John Harwood is Chief Washington Correspondent for CNBC and a political writer for The New York Times. Harwood hosts the CNBC Digital original video series "Speakeasy with John Harwood."
Harwood was born in Louisville, Ky., and grew up in the Maryland suburbs outside of the nation's capital. He has been around journalism and politics all his life; his first trip on a presidential campaign press plane came when he was 11 years old and accompanied his father, then a political reporter for The Washington Post.
While still in high school, he began his journalism career as a copy boy at The Washington Star. He studied history and economics at Duke University and graduated magna cum laude in 1978. Harwood subsequently joined The St. Petersburg Times, reporting on police, investigative projects, local government and politics. Later he became state capital correspondent in Tallahassee, Washington correspondent and political editor. While covering national politics, he also traveled extensively to South Africa, where he covered deepening unrest against the apartheid regime.
In 1989, Harwood was named a Nieman Fellow at Harvard University, where he spent the 1989-90 academic year. In 1991, he joined The Wall Street Journal as White House correspondent, covering the administration of the George H. W. Bush. Later Harwood reported on Congress. In 1997, he became The Wall Street Journal's Political Editor and chief political correspondent.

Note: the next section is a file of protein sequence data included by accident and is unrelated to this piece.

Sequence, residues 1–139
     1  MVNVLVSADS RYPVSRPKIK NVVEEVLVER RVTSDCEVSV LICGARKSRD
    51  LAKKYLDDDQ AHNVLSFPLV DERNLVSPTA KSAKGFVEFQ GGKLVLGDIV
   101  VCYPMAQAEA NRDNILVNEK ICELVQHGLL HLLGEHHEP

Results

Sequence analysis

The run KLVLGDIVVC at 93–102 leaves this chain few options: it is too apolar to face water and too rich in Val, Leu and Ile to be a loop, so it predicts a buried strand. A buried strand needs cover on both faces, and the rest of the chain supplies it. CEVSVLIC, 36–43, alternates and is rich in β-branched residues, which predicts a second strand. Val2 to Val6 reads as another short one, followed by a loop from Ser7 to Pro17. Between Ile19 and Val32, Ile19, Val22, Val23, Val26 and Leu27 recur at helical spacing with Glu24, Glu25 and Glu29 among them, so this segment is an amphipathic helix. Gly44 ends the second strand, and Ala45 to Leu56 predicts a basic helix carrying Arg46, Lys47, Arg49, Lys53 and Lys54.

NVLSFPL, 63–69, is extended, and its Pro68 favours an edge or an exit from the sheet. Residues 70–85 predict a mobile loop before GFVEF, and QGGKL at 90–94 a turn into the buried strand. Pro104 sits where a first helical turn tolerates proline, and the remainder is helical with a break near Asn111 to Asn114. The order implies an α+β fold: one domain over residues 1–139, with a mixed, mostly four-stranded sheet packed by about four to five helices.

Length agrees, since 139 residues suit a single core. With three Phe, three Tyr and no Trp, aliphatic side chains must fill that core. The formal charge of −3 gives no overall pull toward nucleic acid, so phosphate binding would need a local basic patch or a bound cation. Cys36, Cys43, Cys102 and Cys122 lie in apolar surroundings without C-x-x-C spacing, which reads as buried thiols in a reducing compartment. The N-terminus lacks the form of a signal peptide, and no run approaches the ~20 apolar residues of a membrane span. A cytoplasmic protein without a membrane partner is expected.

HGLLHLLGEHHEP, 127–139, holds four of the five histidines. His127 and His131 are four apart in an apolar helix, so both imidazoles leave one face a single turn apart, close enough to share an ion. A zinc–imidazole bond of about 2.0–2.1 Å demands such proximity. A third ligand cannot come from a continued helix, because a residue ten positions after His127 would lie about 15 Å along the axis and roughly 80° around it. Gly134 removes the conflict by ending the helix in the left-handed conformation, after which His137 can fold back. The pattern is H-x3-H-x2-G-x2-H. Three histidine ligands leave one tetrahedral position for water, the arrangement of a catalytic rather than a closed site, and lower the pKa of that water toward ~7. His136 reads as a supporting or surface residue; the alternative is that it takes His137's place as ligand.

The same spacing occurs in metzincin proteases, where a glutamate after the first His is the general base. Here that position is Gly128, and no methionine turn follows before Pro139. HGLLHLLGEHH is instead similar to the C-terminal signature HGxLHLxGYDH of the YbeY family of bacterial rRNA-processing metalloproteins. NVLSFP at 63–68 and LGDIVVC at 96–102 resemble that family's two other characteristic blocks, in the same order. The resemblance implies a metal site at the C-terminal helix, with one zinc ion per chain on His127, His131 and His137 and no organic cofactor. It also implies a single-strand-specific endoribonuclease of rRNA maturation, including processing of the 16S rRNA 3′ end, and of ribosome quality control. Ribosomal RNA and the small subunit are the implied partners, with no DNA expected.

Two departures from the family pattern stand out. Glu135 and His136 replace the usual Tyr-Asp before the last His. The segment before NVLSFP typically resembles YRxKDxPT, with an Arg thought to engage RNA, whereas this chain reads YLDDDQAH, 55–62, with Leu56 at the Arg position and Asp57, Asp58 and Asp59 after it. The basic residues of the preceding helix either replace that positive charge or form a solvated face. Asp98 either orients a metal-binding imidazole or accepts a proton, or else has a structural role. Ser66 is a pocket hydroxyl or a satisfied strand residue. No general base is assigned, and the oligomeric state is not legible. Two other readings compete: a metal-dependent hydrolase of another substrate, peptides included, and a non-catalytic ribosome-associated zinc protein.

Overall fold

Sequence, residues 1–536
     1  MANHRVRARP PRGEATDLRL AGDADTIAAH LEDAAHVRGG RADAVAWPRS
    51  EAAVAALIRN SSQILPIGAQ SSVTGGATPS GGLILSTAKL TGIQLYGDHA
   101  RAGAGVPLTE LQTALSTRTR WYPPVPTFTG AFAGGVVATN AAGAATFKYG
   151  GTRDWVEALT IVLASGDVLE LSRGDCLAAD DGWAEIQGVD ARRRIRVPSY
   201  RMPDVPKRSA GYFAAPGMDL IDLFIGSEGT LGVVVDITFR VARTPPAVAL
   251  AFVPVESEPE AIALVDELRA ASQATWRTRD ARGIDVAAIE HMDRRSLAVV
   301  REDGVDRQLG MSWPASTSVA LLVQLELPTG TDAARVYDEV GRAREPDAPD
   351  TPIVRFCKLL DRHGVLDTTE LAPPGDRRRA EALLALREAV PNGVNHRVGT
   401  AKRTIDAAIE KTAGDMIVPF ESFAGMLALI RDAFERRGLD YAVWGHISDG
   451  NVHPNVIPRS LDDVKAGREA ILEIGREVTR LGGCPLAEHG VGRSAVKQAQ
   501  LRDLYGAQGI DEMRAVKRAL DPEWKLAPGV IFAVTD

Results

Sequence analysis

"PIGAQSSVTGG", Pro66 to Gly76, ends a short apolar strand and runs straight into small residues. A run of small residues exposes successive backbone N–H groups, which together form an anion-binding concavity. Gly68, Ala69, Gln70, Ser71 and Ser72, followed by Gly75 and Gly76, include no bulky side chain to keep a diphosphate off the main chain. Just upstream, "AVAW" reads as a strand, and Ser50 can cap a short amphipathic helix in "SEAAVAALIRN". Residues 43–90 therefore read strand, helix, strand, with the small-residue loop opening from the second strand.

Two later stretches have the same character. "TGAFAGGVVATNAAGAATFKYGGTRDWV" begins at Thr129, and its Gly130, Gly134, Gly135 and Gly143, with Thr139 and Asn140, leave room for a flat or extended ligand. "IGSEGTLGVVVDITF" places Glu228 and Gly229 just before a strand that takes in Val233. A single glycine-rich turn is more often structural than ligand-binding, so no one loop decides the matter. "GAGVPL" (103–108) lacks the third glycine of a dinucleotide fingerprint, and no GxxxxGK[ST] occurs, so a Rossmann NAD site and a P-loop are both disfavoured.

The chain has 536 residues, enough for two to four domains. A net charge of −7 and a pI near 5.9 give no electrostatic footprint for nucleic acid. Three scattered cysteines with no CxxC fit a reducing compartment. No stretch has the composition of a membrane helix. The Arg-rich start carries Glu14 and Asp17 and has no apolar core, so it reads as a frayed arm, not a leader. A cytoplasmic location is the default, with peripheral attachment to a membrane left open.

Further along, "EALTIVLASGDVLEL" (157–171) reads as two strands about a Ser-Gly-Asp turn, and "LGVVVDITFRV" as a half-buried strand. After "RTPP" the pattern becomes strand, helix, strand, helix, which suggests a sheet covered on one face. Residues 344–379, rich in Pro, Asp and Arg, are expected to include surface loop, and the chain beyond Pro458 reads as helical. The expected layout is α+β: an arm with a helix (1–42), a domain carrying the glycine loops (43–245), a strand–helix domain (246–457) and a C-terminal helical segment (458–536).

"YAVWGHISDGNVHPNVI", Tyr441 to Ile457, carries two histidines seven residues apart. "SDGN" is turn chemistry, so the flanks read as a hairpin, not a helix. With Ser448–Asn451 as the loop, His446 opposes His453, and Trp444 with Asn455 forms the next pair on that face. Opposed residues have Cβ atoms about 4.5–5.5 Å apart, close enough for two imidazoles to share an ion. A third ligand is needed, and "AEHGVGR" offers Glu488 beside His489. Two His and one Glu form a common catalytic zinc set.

While at The Wall Street Journal, Harwood wrote the newspaper's political column, "Washington Wire," and oversaw the Wall Street Journal/NBC News poll. In March 2006, he joined CNBC as Chief Washington Correspondent.
In addition to CNBC, Harwood offers political analysis on "NBC Nightly News" and PBS' "Washington Week in Review," among other television and radio programs. Harwood has covered each of the last eight presidential elections.
Follow John Harwood on Twitter @johnjharwood.
The rhetoric has been flying on automatic spending cuts but now America has spoken: 52 percent say the sequester is a "bad idea," the latest NBC/WSJ poll shows.
President Obama approaches Friday's budget deadline with a far stronger reputation than Republicans, an NBC News-Wall Street Journal poll has found.
CNBC's John Harwood provides a preview of the President's speech at the National Governors Association gathering. We don't want Washington to get in the way of progress, the President said, warning political leaders that sequester will lead to layoffs.
CNBC's John Harwood has information on outgoing Transportation Secretary Ray LaHood's feelings about the impact of sequestration on air travel in the U.S.
The bipartisan leaders of a presidential deficit reduction commission, dismayed by the failure of the White House and Congress to reach a deal saving $4-trillion over 10 years, upped the ante by pressing for an even larger "grand bargain."